Originally Posted by Joe Hart
So the book (see Other for original thread) talks about multidirectional and unidirectional training. They used multidirectional training for non-elite athletes and unidirectional for elite. If I understood it correctly, multidirectional is like Gant's hybrid where you train strength, speed, and endurance so that one builds on the other with a training day and through the week.
Unidirectional is where you do strength for say 6 weeks, then speed for six weeks, endurance...or sport specific exercises. They found that the strength volume can be lowered over the long run.
The other cool thing about the book is that it talks about how they chose and trained kids for sports.
So anyone come up with some other interesting programing nuggets?
*******I knew personally both Ben Tabachnick and Rick Brunner and have read their book "100x". Multidirectional training is known collectively as Gpp. Gpp is not what Westside has described but closer to what Michael Yessis( Trends in Soviet strength and conditioning:The role of all round,general physical preparation in the multiyear and yearly training program) and Thomas Kurz( early sports specialization,stadion news,spring 2000, volume 7,number 2) talk about. Soviet and GDR athletes in their youth participated and were competent in up to 10 different sports later reduced to 3. Typically these sports were close to the physiological characteristics of their competitive sport,more so as time went on.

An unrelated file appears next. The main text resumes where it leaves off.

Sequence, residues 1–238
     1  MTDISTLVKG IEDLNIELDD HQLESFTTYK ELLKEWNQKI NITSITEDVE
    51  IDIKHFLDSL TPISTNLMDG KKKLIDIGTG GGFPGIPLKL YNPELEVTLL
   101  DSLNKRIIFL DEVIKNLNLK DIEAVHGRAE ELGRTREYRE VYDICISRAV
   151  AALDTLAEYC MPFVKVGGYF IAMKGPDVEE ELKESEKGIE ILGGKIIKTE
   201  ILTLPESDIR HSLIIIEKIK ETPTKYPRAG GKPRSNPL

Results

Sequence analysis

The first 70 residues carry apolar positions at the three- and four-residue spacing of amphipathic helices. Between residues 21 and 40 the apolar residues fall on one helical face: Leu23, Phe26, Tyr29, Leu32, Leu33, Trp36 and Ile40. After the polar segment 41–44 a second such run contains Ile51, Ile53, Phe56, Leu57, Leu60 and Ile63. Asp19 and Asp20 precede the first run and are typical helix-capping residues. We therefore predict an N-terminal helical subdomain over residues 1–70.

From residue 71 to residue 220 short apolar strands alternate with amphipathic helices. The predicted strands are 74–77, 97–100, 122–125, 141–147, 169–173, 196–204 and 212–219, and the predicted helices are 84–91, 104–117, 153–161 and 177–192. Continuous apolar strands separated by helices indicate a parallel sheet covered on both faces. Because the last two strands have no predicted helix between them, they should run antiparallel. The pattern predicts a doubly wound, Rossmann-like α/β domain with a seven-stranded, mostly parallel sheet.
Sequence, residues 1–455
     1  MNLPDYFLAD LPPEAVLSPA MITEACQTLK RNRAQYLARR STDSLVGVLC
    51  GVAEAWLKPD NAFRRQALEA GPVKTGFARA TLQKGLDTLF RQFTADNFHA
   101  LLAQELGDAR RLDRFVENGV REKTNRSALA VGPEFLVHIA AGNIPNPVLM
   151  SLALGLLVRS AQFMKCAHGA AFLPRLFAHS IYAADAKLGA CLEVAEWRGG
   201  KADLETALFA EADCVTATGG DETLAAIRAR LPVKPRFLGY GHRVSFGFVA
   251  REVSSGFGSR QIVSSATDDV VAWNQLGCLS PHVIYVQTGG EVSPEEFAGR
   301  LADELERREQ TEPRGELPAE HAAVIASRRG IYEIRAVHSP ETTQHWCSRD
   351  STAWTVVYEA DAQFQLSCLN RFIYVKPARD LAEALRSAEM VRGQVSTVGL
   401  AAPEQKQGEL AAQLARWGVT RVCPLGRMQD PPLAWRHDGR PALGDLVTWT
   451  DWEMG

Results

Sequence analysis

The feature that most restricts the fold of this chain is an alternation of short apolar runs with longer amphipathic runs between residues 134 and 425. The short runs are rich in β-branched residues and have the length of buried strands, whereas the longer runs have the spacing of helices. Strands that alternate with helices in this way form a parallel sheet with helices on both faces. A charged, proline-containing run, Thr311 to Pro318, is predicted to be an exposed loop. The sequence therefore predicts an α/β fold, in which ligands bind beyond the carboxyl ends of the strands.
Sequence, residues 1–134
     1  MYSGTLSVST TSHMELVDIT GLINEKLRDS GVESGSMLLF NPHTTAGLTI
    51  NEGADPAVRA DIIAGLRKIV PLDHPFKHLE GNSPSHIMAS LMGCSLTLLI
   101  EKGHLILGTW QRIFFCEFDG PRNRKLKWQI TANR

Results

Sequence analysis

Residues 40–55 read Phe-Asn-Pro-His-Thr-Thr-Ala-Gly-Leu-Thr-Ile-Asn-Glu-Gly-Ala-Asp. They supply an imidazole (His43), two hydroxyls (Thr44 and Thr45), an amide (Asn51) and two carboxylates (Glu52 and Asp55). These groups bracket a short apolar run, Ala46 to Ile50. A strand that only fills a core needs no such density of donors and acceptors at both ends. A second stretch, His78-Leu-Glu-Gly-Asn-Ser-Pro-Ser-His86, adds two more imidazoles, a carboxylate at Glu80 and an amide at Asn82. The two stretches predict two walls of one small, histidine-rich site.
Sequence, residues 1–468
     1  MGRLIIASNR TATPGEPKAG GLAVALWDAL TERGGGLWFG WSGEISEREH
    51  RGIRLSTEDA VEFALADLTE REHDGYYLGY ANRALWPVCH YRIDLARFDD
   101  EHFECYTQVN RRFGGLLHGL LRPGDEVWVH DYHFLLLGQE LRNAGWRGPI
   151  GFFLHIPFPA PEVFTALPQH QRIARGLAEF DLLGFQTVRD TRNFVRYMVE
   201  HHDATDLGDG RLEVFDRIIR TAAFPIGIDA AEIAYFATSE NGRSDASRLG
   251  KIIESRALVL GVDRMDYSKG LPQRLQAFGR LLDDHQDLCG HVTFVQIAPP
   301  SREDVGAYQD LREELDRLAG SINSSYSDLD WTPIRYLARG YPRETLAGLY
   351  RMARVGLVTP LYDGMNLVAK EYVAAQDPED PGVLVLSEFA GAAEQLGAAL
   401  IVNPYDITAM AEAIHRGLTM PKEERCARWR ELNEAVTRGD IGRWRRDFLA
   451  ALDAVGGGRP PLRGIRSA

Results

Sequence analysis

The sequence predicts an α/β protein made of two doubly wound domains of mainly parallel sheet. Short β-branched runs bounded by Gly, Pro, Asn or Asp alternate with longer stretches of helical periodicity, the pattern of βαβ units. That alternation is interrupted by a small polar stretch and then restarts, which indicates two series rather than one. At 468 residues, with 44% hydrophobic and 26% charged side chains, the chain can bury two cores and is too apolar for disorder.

At the end of their careers their training was intense,short term over trained and specific.
Unidirectional training for six week blocks was a primitive example of block training as described by Yuri Verkhoshansky with a switching of primary emphasis such as jumps to barbells to depth jumps.